I find my Freud blades to give better cuts than the blade that came with my PCS. I have it in my blade drawer and might use it someday for rough cutting. It is not terrible but I would not call it good either. I rarely have any blade sharpened and would not get the SS sharpened. I do not dull blades very fast as a hobbiest and getting one blade sharpened costs about as much as a new Freud. So I just buy another. I could gather up several and it might make economic sense to send them out but it's definitely more of a hassle than just buying another blade when I decide I "need" one.

  11. #11
    Quote Originally Posted by Thomas Wilson View Post
    You do not mention which SawStop blade came with your saw. My saw came with the Titanium Series 40 tooth combination which is fine. It is flat and has no chipped teeth. I use it for most cross cuts. It leaves a smooth finished cut much the same as my premium Forrest blades. I would sharpen it but would not attempt to recover it from a brake actuation. A new one just costs $75.

    You lucked out I guess. My PCS came with a 40 tooth combination, but not the Titanium. Mine is out so bad it hit the insert when I first started the saw....scared the crap out of me as I thought the brake had fired.
    Thanks,
    Fred

    Seasoned professional possessing unremarkable proficiency at innumerable skills.

  12. #12
    Quote Originally Posted by fred everett View Post
    You lucked out I guess. My PCS came with a 40 tooth combination, but not the Titanium. Mine is out so bad it hit the insert when I first started the saw....scared the crap out of me as I thought the brake had fired.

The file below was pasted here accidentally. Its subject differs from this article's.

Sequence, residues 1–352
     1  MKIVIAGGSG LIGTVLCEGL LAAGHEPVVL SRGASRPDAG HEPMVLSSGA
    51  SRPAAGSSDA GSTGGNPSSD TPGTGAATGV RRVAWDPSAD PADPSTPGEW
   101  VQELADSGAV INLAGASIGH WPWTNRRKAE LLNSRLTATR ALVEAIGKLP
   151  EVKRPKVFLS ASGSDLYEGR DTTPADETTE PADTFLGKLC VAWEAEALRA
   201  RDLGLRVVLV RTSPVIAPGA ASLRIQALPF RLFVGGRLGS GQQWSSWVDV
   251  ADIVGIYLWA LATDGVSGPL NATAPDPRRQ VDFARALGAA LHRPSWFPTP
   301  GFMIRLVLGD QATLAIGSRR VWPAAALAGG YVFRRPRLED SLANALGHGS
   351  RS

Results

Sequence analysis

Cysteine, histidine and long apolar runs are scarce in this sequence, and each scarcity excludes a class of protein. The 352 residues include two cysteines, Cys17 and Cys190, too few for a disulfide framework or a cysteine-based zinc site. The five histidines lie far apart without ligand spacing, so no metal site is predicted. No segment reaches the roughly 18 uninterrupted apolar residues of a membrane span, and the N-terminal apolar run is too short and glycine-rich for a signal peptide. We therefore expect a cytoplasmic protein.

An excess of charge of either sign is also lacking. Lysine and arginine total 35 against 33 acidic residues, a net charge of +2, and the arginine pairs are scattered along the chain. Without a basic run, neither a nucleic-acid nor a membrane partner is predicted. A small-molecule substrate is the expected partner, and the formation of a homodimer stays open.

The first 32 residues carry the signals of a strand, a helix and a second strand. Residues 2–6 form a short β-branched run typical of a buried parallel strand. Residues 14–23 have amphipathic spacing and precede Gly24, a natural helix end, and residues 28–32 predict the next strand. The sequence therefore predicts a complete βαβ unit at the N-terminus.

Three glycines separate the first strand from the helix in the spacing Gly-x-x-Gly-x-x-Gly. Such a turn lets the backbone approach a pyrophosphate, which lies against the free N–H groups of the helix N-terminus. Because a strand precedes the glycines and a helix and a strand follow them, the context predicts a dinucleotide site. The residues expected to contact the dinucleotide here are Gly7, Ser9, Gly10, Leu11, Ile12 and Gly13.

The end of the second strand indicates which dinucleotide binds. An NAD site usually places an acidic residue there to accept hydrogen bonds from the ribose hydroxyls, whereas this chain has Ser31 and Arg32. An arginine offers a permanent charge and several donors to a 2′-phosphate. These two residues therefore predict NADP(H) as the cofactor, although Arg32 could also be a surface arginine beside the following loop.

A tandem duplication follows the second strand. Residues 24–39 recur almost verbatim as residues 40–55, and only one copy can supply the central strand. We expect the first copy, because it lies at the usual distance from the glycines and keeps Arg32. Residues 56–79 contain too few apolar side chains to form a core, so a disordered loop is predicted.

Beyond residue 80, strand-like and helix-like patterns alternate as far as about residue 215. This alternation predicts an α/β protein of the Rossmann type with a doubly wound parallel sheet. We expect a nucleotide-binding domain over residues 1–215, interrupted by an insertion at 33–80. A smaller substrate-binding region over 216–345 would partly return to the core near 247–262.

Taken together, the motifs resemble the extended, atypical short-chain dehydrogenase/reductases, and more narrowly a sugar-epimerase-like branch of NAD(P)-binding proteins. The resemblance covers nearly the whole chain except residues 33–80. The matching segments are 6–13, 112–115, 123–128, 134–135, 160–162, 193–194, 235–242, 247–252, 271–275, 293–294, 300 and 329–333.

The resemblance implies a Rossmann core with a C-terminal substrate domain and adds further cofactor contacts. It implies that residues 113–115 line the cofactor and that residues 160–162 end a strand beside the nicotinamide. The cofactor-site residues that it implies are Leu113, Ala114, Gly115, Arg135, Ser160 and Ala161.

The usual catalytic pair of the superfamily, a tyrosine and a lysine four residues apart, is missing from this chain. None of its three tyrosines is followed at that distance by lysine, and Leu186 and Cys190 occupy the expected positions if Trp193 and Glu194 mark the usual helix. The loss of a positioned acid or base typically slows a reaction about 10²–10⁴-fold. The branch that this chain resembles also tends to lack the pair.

Yeah. I got the ICS. It may come with a different blade than the PCS. The OP did not say which model he has.

  13. #13
    Join Date
    Feb 2017
    Location
    Northern Illinois
    Posts
    758
    I have Freud blades that I used for awhile after tripping the brake. However, I bought another Sawstop blade and put it back on in place of the Freud. I use the Sawstop blade all the time. I have never used Forrest or any high end blades, but the Sawstop blade cuts very smooth on both cross and rip cuts. On the rip cuts, it does leave some tiny saw marks once in awhile but I always joint my rips anyway and the saw marks can be removed by one pass taking 1/64" or less off. For me, the Sawstop blades do a great job and are inexpensive; especially compared to a Forrest.

  14. #14
    Join Date
    Jan 2010
    Location
    Tampa Bay, FL
    Posts
    3,082
    I used mine for a while. It now sits on my local Woodcraft on display to show what it looks like when a blade trips.
    - Its not that Im so smart, its just that I stay with problems longer. Albert Einstein
    - Welcome to Florida. Where the old folks visit their parents

  15. #15
    Join Date
    Dec 2013
    Location
    Central New Jersey
    Posts
    647
    I tested out my PSC with the sawstop combo blade. Just to make sure it was working and if there was some defect that tripped it on the first use or so, I didn't want it taking out my Forrest blades. Was the cut ok, I guess so for the scrap would I used for some testing. I think Frued or some of the other mid-high level blades will do fine, and I have a Frued in my blade pile. However will it last as long before being sent of for sharpening, or take as many sharpenings before it's no good? That is up for debate.

    The debate over blades comes up all the time, use the blade(s) that do what you need them to due, have the life you expect to get from them and are within your budget. Just remember, a good blade that lasts twice as long as a cheap blade, is cheaper in the long run, just not 'today' when you buy it.
    Distraction could lead to dismemberment!